day one hundred & thirty-five

Introducing the newly minted, double chemo-caped, cancer-fighting tripawd superdog, Bristow!IMG_5791Last chemo treatment today for Miss B!! No more cancer-fighting chemicals being pumped into her little body (at least for a while: If cancer returns, we’ll consider follow-up options.). Her chemo-every-3-weeks schedule has not been keepable because she tends to take a while to rebuild enough white blood cells to make receiving chemo again safe (well, as safe as strategic poison intake can be), so Dad stayed home while Mom ventured to New Mexico for Thanksgiving (cue epic sister roadtrip and massive parental surprise). Thankfully, Dad sent photos of her graduation…and a little video he made where he interviews the grad. Hated missing that milestone, but grateful for a co-dog-parent who could celebrate with her and care for her well. And grateful to have a chemo-graduation to celebrate!

In reflection, let me share some personal thoughts on treating your dogs with chemotherapy:

  1. It’s not a choice everyone will make or should make. For our family, it made sense; it might not for yours, and that’s just fine. We could afford it, she was our first “child”, and her prognosis was good. We understand that is not the case for every dog-loving family facing canine cancer. And we don’t judge others for choosing differently than we did.
  2. Most dogs have ZERO side-effects with chemo (75%, in fact), so the argument that it’s torture for the dog doesn’t stand. Bristow had some related GI distress with her first couple treatments, but we addressed that with meds, and when needed, Dr Cessario cut back the strength and frequency of her treatments. Veterinary oncologists proport that it’s not just about length of life but quality of life. We totally agree. We’d never make Bristow miserable for our own selfish reasons. We pray each night for wisdom to choose what’s best for her and not just think of ourselves. Yes, we want to keep her around (“for many more days, weeks, months, and years”–our nightly prayer closing refrain), but never at her own expense.
  3. Although some of her activity had to be limited (e.g., time with dog-friends during her neutropenic phases due to susceptibility to illness and infection), she enjoyed a full life during treatments, complete with daily walks (unless she was tired) and yard adventures with her brother Jed Bartlet and frisbee-chasing and couch-time cuddles with family and extra servings of food (Her appetite definitely increased once we addressed nausea.)…. She has been well-loved and loved life well, even while being a cancer-fighting superdog.
  4. Consider an integrative approach that combines veterinary oncology with veterinary homeopathy and alternative medicine. We are grateful we did, and we are grateful for the Sage Center vets that approached Bristow’s care in a collaborative, interdisciplinary manner. She continues to take her prescribed Wei Qi and Stasis Breaker supplements, and she gets tumeric and glucosamine capsules twice a day. We also throw a scoop of Dr. Harvey’s Multi-Vitamin and Mineral Herbal Supplement for Dogs into each meal, and we use pumpkin ongoingly to give her the pills, both to calm her stomach and because she loves it!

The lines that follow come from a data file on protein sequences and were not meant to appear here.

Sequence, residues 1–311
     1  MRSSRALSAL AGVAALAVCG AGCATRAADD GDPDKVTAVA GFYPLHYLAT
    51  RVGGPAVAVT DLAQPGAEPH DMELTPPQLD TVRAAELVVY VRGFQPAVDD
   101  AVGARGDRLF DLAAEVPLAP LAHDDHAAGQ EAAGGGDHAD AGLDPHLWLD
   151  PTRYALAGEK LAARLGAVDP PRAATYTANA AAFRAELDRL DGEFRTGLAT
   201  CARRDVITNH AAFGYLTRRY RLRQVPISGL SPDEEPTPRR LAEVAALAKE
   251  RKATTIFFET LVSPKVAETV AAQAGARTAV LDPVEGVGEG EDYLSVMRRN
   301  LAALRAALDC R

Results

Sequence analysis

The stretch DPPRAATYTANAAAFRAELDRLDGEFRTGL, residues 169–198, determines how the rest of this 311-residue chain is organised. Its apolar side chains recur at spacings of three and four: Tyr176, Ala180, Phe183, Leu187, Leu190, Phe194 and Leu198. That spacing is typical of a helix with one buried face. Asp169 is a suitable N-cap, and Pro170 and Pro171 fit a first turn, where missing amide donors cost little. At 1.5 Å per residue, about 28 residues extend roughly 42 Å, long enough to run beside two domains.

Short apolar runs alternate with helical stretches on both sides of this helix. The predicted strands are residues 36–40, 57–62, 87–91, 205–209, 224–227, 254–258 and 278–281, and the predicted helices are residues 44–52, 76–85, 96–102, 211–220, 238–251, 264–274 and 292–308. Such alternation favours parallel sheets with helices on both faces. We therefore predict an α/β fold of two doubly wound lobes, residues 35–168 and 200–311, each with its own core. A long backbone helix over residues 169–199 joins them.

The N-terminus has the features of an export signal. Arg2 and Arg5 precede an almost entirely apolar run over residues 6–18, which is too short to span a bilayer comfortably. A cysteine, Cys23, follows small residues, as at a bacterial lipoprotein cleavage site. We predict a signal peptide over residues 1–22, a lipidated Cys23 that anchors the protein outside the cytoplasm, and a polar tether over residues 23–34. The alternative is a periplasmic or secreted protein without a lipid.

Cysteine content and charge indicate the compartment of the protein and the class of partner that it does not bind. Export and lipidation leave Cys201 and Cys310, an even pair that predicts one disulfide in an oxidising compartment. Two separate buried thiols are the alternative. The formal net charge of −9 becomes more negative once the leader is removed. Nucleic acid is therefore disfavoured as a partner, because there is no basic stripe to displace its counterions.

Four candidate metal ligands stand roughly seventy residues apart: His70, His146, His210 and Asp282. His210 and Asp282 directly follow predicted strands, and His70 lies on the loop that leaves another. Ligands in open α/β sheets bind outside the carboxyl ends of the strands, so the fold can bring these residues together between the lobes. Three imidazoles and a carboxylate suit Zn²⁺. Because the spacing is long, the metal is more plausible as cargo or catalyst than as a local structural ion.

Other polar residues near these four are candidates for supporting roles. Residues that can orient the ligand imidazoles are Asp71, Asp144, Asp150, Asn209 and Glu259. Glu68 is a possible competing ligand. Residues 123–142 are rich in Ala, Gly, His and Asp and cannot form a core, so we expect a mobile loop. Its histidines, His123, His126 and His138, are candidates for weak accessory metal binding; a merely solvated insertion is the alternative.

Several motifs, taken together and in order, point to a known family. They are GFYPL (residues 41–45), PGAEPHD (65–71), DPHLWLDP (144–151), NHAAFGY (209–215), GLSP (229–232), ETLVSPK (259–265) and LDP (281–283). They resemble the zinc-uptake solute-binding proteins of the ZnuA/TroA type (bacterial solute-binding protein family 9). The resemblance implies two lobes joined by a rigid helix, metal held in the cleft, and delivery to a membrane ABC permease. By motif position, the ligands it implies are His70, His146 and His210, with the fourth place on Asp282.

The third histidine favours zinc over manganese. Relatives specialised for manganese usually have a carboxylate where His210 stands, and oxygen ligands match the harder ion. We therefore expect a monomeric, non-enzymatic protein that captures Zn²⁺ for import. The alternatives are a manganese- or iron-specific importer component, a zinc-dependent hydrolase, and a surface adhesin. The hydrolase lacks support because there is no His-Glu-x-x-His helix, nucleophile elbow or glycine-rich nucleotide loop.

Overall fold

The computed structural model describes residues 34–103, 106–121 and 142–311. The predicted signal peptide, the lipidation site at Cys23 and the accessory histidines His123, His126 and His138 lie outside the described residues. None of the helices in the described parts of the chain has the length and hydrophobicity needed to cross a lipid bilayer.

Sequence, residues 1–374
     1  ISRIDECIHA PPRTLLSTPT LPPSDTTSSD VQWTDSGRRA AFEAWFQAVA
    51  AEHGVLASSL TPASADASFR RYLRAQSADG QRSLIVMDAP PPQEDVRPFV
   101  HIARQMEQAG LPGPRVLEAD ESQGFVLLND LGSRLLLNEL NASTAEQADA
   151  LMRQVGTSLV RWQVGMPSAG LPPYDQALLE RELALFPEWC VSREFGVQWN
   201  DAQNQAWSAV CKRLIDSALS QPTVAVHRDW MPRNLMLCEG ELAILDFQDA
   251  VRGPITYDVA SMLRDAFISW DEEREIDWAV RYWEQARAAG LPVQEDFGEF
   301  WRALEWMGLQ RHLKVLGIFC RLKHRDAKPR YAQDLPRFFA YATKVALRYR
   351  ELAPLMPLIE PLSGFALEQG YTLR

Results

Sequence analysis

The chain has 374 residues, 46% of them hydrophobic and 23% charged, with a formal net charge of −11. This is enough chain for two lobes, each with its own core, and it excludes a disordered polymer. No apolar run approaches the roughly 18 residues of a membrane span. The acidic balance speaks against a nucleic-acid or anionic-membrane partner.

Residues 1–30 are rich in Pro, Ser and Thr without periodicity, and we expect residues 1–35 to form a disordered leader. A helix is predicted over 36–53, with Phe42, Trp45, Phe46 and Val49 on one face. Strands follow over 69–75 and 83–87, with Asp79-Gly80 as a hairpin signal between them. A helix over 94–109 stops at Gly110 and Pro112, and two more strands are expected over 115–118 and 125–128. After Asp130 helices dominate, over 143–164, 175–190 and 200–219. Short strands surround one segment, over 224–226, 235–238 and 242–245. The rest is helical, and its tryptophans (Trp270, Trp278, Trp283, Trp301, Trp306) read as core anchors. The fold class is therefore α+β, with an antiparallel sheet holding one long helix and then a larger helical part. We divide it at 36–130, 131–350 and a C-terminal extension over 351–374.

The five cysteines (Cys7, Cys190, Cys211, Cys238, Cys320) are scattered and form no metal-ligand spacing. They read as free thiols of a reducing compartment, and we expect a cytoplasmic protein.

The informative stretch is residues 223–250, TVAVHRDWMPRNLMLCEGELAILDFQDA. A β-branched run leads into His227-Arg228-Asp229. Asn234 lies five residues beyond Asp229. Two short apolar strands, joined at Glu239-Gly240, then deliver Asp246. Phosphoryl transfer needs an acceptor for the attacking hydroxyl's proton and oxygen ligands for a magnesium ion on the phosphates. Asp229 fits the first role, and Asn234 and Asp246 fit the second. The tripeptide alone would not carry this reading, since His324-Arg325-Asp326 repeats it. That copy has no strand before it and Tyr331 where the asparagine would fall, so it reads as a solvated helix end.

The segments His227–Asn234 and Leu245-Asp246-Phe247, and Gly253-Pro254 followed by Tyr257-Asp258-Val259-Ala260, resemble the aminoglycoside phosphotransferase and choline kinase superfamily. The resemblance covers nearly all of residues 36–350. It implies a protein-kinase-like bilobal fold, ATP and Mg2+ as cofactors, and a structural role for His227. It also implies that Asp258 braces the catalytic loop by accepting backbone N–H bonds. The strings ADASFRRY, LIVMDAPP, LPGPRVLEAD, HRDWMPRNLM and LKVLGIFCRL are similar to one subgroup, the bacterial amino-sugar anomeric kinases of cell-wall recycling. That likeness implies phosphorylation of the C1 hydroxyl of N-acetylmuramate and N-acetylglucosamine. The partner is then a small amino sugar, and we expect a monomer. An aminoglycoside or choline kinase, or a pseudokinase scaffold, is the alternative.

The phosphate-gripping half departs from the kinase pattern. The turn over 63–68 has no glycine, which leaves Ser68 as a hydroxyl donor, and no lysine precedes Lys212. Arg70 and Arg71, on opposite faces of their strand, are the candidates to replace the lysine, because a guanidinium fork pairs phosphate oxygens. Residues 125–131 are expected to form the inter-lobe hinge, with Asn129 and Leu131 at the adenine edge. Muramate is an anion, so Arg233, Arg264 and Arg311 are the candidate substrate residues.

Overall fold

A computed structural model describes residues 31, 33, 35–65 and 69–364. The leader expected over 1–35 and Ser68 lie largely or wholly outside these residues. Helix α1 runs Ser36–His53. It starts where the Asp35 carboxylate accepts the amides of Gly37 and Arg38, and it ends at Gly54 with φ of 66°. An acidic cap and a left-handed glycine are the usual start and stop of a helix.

I am sure as I continue to reflect on the past 4.5 months, I will add to that list. But in short, if you find your family facing this journey–and I pray you never do, with a fur-kid or otherwise–may you not be distracted by any unwelcomed outside voices and opinions but stay focused on finding what’s best for your individual family via consultation with experts, prayers for wisdom, and, perhaps, financial analysis. And may we all take our God-given responsibility as caretakers of the earth and it’s inhabitants seriously, thoughtfully, and lovingly.


1O LORD, our Lord, your majestic name fills the earth!

Your glory is higher than the heavens.

2You have taught children and infants

to tell of your strength,b

silencing your enemies

and all who oppose you.

3When I look at the night sky and see the work of your fingers—

the moon and the stars you set in place—

4what are mere mortals that you should think about them,

human beings that you should care for them?c

5Yet you made them only a little lower than Godd

and crowned theme with glory and honor.

6You gave them charge of everything you made,

putting all things under their authority—

7the flocks and the herds

and all the wild animals,

8the birds in the sky, the fish in the sea,

and everything that swims the ocean currents.

9O LORD, our Lord, your majestic name fills the earth!

As Ellen DeGeneres implores at the end of each show, “Be kind to one another.” Dogs included. #doglivesmatter


One thought on “day one hundred & thirty-five

Leave a Reply

Fill in your details below or click an icon to log in: Logo

You are commenting using your account. Log Out /  Change )

Twitter picture

You are commenting using your Twitter account. Log Out /  Change )

Facebook photo

You are commenting using your Facebook account. Log Out /  Change )

Connecting to %s